In response to a LIRR train derailment last week.

Five Democratic U.S. Senators — Bob Menendez, Cory Booker, Chuck Schumer, Kirsten Gillibrand and Richard Blumenthal — wrote a letter to the National Transportation Safety Board Sunday, calling on them to “conduct a comprehensive review of all passenger railroads’ implementation of sleep apnea testing for engineers” in addition to reviewing inward-facing cameras.

The letter, which comes days after the derailment of a Long Island Rail Road train in Brooklyn’s Atlantic Terminal, underscores the history of sleep disorders and train crashes, citing the New Jersey Transit crash last September that killed one person and injured more than 100 more. The letter highlights the necessity of stricter screening and preventative measures for treatable, but often hard to diagnose, sleep disorders such as sleep apnea: “What’s even more concerning than the slow progress railroads are making is an apparent growing trend of railroads pledging to implement sleep apnea testing only after a derailment has occurred on their system,” the letter writes.

The LIRR derailment last week is currently being investigated, with the possibility of sleep apnea as a cause. If found true, this engineer would be the third case of a train operator with sleep apnea being involved in a train derailment in three years, according to Men’s Health.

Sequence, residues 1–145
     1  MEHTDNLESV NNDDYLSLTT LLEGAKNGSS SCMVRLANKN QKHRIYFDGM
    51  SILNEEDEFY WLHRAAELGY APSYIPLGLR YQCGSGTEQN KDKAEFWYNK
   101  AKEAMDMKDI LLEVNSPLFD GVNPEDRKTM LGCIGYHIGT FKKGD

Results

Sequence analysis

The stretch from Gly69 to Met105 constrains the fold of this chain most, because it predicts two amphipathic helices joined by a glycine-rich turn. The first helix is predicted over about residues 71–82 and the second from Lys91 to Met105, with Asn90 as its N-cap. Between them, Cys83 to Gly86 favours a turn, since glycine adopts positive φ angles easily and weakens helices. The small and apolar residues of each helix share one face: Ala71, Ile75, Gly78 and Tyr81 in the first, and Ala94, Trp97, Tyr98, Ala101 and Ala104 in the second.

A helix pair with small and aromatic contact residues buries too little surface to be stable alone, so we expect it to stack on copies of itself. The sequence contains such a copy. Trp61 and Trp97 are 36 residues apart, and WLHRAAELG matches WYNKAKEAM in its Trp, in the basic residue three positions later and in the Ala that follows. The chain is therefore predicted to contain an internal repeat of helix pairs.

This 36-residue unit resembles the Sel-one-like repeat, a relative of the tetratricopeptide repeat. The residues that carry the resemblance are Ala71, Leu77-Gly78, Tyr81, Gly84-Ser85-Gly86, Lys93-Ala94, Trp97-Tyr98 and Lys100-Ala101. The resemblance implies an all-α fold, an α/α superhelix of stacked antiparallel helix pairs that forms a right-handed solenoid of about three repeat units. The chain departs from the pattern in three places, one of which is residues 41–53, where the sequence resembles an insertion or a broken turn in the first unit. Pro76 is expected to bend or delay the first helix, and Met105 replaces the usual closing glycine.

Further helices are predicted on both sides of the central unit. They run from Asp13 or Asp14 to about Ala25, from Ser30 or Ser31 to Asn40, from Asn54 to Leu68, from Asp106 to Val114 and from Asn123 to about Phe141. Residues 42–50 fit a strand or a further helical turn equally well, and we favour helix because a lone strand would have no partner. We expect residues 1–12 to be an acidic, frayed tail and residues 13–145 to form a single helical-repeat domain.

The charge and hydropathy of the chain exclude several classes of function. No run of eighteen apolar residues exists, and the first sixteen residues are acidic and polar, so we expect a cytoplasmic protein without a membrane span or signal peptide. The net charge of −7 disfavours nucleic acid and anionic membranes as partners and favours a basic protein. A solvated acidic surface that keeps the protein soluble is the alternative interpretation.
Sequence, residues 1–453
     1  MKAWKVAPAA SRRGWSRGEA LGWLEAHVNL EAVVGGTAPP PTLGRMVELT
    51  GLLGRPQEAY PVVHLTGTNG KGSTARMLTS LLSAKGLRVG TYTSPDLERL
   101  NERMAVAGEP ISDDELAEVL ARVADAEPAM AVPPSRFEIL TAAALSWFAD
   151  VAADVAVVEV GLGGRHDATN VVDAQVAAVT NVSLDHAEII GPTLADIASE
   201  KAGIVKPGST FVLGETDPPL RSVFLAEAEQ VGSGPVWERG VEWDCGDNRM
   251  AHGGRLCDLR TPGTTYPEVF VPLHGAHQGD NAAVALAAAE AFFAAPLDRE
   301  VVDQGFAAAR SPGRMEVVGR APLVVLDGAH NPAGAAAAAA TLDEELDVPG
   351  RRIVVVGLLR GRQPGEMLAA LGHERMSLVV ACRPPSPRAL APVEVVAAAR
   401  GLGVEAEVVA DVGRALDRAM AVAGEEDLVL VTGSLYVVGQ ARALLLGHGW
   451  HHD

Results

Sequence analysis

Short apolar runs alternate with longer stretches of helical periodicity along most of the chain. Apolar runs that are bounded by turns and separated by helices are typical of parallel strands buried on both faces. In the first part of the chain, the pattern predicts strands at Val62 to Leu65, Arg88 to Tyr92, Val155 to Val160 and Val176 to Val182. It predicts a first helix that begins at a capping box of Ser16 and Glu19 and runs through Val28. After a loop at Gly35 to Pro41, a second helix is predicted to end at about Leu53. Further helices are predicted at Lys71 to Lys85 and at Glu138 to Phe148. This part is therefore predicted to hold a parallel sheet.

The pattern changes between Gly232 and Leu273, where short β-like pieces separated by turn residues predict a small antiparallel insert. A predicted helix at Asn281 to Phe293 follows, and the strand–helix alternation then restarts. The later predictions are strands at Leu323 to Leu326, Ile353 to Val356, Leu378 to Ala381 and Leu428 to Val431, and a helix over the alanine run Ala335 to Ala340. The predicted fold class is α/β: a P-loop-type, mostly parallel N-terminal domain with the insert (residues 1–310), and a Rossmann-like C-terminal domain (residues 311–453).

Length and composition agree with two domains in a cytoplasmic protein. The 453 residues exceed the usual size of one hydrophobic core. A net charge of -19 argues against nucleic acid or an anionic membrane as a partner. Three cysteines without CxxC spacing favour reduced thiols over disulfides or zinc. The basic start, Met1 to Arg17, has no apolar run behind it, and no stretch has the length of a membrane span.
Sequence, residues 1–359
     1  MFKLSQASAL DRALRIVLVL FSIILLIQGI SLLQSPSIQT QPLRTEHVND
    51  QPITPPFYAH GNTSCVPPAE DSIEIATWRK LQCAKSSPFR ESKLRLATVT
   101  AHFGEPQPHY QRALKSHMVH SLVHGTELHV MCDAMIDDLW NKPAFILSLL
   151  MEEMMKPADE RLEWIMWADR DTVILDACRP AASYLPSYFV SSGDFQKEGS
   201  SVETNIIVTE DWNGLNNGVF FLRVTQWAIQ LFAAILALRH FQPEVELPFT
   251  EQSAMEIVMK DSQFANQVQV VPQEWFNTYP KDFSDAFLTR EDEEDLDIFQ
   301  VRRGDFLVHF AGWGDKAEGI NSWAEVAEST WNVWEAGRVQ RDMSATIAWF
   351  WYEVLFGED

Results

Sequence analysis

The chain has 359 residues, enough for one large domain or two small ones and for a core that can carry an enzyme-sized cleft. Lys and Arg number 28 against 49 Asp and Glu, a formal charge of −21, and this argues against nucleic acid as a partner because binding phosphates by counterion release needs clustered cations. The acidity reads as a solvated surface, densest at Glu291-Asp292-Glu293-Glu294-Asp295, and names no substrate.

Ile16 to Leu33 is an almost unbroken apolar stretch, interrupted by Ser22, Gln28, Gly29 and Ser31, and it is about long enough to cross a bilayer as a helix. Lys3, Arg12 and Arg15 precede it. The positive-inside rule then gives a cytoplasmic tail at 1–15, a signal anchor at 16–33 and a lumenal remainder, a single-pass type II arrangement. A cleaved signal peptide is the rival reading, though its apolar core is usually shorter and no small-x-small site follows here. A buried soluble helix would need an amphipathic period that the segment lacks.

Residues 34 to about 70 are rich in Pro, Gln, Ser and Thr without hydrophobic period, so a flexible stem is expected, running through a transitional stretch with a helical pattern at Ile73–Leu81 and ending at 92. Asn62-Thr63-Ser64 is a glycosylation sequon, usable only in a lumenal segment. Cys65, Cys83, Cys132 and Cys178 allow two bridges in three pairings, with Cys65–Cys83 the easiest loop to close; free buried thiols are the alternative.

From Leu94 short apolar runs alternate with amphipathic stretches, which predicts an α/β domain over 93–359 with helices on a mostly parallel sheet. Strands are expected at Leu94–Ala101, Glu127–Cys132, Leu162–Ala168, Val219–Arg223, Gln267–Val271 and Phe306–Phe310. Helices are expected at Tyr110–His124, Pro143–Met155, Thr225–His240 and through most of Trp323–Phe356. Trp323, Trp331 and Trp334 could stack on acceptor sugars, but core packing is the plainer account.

Sleep apnea is a “common disorder in which you have one or more pauses in breathing or shallow breaths while you sleep,” says the National Heart, Lung, and Blood Institute. As a result, those suffering from sleep apnea have a poor quality of sleep and are more tired during the day. The Federal Railroad Administration first recommended sleep apnea testing in 2004, and last month called for mandatory sleep apnea screening. According to the Associated Press, “Amtrak and some commuter railroads are already testing engineers for sleep apnea,” and freight railroads provide “access to screening and treatment.”

The recent train derailment highlights how detrimental, and at times deadly, improper sleep can be, and underscores the necessity of preventative screening and care for all employees, specifically those who operate heavy machinery.

Originally published at